Documents Reveal Thousands of Detroit Residents Were Blindsided with Over $115 Million in Retroactive Sewage Bills Due to DWSD System Errors

September 11, 2014

DETROIT, MI – Today, civil rights attorneys seeking to prevent further water shut-offs to thousands of Detroit residents released documents showing the Detroit Water and Sewage Department (DWSD) recently added to residents’ financial burdens by demanding payment for six years’ worth of retroactive sewage fees.

The DWSD claimed these fees had apparently gone unbilled due to a “systems change.”

The documents shared today include a letter to DWSD from a consulting group outlining its “bill collection strategy” proposal. Apparently referring to the sewage charges, the letter states: “Bills sent with the cumulative charges likely contributed to recent customer service and collection volumes. Outstanding balances approximate $115 million. Over 80% of this is more than 60 days past due.”

In one example of the impact of this broken billing practice, a Detroit church received a bill in February 2014 for nearly $60,000 in sewage and water fees dating back to 1992, although it had been paying its bills regularly for several years.

“Those looking to blame Detroit residents for their lack of ability to pay their bills should instead be blaming Detroit officials for the mismanagement that contributed to this crisis,” said Monique Lin-Luse, an attorney with NAACP Legal Defense Fund. “Hitting residents with six years’ worth of retroactive, cumulative sewage bills at a time when they are struggling to pay existing water bills is adding insult to injury.”

To illustrate the problems Detroit residents have faced in attempting to pay their bills, the ACLU of Michigan and NAACP Legal Defense Fund today released a six-minute video featuring interviews with residents and activists fighting DWSD’s shut-off campaign.

 


“My water bill was almost $900 when I'm bringing home $300-$400 a month,” says Detroit resident Rosalyn Walker. “When I asked them why, they said because the person who lived here before you had a high bill. I think that is so wrong.”

“Revelations like this make the rush to resume water service shut-offs still more unconscionable,” says Kary Moss, ACLU of Michigan executive director. “Instead of addressing the needs of Detroit residents with an affordability plan, accurate bills, and an improved dispute process, the Department set thousands up to fail by sending them bills impossible to pay.”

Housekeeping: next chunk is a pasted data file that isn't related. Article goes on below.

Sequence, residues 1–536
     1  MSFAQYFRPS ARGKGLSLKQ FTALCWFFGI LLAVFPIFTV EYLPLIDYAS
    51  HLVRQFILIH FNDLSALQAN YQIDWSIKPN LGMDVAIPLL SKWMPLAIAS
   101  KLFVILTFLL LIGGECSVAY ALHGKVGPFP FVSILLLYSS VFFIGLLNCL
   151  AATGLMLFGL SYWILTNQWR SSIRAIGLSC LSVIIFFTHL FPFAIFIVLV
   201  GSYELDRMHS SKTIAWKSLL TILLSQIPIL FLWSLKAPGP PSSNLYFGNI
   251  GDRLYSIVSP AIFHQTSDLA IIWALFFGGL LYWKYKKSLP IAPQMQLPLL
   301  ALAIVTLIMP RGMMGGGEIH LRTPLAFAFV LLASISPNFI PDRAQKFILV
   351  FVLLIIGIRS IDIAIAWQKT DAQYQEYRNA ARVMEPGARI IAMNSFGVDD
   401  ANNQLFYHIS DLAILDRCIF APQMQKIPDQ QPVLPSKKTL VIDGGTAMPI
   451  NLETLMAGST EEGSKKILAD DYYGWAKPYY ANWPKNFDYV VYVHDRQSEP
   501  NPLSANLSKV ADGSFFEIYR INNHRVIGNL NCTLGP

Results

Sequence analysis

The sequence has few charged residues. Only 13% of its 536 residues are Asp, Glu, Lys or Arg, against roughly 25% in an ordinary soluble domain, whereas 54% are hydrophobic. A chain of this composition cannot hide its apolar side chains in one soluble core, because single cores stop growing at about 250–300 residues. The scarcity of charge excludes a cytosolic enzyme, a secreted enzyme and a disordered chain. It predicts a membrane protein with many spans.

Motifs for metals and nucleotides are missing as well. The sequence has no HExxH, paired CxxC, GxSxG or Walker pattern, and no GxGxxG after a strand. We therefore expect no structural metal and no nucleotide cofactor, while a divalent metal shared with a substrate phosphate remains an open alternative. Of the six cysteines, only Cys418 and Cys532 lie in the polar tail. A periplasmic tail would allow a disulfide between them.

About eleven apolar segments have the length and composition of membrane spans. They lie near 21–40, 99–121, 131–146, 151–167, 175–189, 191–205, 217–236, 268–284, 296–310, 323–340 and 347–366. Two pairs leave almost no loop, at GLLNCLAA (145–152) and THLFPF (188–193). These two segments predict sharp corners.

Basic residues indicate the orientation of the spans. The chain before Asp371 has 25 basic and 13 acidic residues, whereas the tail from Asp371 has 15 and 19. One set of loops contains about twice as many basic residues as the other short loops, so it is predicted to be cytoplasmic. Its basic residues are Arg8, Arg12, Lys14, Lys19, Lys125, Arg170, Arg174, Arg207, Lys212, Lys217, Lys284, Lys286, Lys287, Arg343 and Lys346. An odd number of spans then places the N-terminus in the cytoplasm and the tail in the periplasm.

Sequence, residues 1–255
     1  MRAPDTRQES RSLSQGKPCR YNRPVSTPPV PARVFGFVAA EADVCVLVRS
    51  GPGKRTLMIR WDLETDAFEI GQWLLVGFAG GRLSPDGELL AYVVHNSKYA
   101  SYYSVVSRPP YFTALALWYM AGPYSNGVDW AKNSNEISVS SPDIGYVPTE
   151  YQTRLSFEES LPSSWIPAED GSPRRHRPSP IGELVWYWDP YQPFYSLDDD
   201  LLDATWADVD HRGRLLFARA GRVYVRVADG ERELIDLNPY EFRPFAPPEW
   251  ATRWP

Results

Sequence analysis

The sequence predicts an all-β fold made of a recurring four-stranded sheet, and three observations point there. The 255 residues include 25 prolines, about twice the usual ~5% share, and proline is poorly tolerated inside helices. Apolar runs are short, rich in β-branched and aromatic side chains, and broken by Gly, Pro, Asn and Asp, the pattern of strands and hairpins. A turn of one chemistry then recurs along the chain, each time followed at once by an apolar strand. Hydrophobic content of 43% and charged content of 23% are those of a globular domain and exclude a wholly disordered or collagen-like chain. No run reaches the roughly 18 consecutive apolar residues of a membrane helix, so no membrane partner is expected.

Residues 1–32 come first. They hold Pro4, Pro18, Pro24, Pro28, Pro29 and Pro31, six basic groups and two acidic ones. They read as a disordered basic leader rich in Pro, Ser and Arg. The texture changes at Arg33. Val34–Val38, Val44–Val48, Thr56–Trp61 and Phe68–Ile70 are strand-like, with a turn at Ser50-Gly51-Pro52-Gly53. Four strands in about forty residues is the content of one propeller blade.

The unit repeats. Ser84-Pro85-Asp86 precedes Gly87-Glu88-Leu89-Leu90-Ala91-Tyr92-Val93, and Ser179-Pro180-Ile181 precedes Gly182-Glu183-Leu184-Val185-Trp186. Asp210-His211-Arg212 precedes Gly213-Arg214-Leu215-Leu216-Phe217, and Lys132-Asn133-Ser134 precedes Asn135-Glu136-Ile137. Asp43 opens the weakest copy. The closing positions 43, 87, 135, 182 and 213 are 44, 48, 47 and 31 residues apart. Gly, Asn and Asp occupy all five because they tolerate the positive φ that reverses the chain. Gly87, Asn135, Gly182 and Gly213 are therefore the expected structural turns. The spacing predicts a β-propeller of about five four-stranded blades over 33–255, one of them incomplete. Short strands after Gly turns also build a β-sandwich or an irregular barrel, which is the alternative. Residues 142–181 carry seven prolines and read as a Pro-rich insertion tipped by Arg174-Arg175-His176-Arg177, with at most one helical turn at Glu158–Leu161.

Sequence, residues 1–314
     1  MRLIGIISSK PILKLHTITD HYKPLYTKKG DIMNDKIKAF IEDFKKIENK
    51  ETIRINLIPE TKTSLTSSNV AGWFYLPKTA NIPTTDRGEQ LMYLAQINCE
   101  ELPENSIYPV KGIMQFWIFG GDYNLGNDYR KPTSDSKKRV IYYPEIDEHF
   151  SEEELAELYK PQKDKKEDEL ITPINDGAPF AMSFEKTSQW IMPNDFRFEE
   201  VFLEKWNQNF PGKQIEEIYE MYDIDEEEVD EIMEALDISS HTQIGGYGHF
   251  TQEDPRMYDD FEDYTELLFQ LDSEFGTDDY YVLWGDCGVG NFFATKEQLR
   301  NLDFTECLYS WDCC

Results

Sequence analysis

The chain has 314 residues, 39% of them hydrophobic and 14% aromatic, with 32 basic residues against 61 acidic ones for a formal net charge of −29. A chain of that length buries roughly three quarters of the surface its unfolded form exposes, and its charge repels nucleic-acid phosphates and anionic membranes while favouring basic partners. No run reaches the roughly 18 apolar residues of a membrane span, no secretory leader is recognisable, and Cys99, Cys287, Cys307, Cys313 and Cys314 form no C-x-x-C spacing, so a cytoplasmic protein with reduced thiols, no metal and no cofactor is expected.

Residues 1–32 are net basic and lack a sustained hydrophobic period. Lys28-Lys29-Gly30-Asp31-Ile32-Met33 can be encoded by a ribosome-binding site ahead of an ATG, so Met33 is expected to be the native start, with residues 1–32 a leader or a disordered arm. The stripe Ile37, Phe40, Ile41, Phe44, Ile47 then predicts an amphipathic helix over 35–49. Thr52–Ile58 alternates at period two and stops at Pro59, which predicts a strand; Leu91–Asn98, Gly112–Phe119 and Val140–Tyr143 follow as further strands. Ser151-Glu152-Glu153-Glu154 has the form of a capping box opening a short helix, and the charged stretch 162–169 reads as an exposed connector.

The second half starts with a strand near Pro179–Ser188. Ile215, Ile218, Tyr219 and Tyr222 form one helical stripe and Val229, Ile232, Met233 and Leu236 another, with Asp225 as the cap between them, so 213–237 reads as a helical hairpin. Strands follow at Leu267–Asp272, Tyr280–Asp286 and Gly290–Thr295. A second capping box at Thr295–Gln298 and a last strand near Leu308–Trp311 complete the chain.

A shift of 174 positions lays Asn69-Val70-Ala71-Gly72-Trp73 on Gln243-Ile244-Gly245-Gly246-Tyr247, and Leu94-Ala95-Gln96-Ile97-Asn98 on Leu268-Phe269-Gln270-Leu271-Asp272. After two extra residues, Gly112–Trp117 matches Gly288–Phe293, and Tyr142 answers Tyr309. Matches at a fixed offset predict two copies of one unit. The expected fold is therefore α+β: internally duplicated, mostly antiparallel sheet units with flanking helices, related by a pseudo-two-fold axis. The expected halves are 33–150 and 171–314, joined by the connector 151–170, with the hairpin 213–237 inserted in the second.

The documents released today were filed with the court as part of the class action lawsuit, Lyda et.al v. City of Detroit. Brought on behalf of Detroit residents and community organizations affected by the mass shut-offs, the lawsuit argues that the DWSD began water shut-offs without adequate notice and against the most vulnerable residents, while commercial entities with delinquent accounts were left alone. The ACLU of Michigan and NAACP Legal Defense Fund are serving as expert consultants in the case.

This suit is currently in bankruptcy court before Judge Stephen Rhodes as part of the city’s bankruptcy proceedings. A hearing to challenge the shut-offs is scheduled for Wednesday, September 17th.

Detroit Mayor Mike Duggan announced this week that the City of Detroit and several surrounding counties have agreed to establish a new regional water authority. That agreement does not detail a plan to provide adequate assistance and due process protections for Detroit’s low-income residents. The unaffordability and due process violations will persists until such a comprehensive plan is in place.

The NAACP Legal Defense Fund and ACLU of Michigan continue to call for an end to the mass shutoffs campaign until a comprehensive plan is in place to address the affordability and due process issues plaguing DWSD Customers.
  
View documents that show the Water Department's sloppy billing practices

Watch When The Water Runs Dry: Voices From the Detroit Water Crisis

Learn about the Detroit water crisis by the numbers in a printable high-res infographic

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